When I was reviewing the current clinical trials for Alzheimer’s disease (AD) a few months ago, I noted that the phase II trial of levetiracetam was particularly exciting — because if it works, it would require a massive reconceptualization in AD pathogenesis.
That’s mainly because levetiracetam is an anti-seizure medication, and focal seizures haven’t been traditionally associated with AD.
But our available tools for measuring focal seizures are quite poor — for example, they only cover a very small portion of the brain, mostly at the surface. So it is quite possible that AD pathogenesis could involve localized seizures early in the disease process, especially in a “buried” brain region like the hippocampus.
Now, Lam et al have provided some more evidence for the microseizure/focal memory-associated seizure hypothesis in AD, with a case report on two patients, both of whom were experiencing early stages of memory loss.
For both of these patients, the team used a minimally invasive surgical technique to place medial temporal electrodes for monitoring, which has been described in several previous studies including a 2005 study from Zumsteg et al that has a nice diagram:
(Note that the hippocampus, that old memory-associated stalwart, is in the medial temporal lobe.)
One of the patients that Lam et al were treating had evidence of recurrent subclinical seizures in the medial temporal lobe (MTL), which were more prevalent during sleep.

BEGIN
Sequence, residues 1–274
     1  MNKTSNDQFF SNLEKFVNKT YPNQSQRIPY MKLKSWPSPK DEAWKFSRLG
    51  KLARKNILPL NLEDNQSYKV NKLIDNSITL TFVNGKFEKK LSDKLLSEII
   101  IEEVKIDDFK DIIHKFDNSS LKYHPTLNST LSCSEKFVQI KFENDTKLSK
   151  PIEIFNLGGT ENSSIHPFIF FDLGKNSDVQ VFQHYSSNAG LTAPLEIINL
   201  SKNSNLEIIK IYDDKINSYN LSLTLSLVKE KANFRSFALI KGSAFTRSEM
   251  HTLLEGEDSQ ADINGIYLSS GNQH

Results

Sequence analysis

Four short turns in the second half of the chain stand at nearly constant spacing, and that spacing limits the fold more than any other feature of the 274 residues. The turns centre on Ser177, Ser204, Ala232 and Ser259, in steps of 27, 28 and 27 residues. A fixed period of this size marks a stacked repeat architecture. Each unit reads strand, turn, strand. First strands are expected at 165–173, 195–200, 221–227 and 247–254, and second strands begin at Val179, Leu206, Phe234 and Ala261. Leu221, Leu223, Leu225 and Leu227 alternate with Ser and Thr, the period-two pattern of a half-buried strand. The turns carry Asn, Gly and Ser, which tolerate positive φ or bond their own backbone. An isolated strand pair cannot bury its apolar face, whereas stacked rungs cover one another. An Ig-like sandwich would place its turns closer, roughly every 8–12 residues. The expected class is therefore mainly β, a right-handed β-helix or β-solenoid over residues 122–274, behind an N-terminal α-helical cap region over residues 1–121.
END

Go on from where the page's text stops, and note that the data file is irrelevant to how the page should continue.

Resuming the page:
Remarkably, treating her with 1500 mg/d of levetiracetam led to abrogation of the seizures, and she had only “mild progression” of her cognitive deficits.
Intriguingly, when she missed several doses of levetiracetam, she noticed a confusion spell. But like anything, this could just be correlation — maybe she missed doses because of worsening AD pathophysiology in that time period, and the confusion spell was an exaggerated symptom of this. Missing doses is certainly not a formal crossover or washout study. Still, intriguing.
The other patient that Lam et al were treating also had frequent MTL seizure activity that was exacerbated during sleep, as well as classic symptoms of early onset AD (eg, CSF pTau levels of 73.2 pg/ml).
Unfortunately, levetiracetam was not tolerated in this second patient, which the authors state was “owing to worsening mood.”
It would be great news if early AD pathophysiology were related to seizures, even in a subset of patients, because we already have drugs to treat seizures. So I agree with the authors that more research is certainly needed in this area.
That said, the evidence so far is certainly interesting, but far from definitive. Something like this study, but with a sample size of 10-20 and good correlations of MTL seizure activity with cognitive decline and/or confusion episodes, would be a great next step.
It would also be nice to know how common MTL seizure activity is during sleep in asymptomatic elderly people.